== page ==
Another, very different example, might be the Czech composer Leoš Janáček whose entire career as a composer was one big Late Efflorescence. Until he met his muse, the much younger (and married) Kamila Stösslová to whom he wrote some seven hundred passionate letters, he was a largely unknown regional composer of dull organ and choral music and folksong arrangements. Nearly all of the works for which he is acclaimed, such as his two string quartets, the Sinfonietta, the Glagolithic Mass and his five late operas, were all written in the last decade of his life, after he had met Kamila.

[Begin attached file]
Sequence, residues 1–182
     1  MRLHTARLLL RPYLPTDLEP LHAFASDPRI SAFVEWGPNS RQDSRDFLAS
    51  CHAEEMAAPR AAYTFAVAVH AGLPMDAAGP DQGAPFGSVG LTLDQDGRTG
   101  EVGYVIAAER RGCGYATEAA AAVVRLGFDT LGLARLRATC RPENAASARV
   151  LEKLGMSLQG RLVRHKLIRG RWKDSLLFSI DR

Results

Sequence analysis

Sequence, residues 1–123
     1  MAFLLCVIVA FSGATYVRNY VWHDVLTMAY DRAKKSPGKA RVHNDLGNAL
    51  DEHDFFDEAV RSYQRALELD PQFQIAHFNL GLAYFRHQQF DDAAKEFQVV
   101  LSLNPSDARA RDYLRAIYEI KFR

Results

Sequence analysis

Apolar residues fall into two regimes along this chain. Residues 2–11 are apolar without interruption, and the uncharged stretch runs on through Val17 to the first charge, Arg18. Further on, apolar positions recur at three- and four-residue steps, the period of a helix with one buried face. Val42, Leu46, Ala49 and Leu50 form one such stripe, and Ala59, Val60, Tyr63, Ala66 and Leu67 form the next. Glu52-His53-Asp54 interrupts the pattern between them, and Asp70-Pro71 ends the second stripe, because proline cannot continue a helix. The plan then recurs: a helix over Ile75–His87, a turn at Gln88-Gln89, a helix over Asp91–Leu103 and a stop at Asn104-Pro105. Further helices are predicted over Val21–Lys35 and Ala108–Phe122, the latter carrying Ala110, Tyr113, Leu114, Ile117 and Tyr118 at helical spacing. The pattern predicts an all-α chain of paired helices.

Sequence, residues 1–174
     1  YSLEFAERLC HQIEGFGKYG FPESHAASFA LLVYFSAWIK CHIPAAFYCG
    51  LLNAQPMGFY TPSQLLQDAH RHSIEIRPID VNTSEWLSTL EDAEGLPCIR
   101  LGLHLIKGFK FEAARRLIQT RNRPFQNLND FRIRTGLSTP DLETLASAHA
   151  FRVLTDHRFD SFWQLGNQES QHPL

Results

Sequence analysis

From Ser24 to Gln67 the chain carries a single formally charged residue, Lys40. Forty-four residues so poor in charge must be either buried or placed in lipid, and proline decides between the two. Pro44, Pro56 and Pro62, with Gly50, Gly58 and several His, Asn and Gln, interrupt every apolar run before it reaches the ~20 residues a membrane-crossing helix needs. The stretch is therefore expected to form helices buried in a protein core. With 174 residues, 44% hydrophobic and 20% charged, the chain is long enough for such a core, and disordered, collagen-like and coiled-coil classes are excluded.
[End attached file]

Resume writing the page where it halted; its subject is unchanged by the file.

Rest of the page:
Janáček's String Quartet No. 2 was given its nickname "Intimate Letters" by the composer himself in a reference to his long correspondence with Kamila. This performance is by the Emerson Quartet and the photo is of Kamila (and her son) in 1917, the year they met.